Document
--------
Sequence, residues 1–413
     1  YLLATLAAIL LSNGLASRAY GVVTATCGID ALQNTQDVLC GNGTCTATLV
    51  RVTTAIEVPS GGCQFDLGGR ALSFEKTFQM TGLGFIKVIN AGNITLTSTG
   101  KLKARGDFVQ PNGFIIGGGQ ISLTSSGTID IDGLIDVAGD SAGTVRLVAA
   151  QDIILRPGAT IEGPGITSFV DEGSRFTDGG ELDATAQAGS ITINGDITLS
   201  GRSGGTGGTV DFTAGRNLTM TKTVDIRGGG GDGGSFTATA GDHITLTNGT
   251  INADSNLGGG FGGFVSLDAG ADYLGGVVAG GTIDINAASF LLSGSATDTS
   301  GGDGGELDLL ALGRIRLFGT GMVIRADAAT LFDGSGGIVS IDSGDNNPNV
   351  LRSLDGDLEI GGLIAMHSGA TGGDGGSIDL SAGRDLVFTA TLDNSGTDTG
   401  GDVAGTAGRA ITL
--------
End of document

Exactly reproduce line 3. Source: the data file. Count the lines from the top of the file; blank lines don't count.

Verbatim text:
    51  RVTTAIEVPS GGCQFDLGGR ALSFEKTFQM TGLGFIKVIN AGNITLTSTG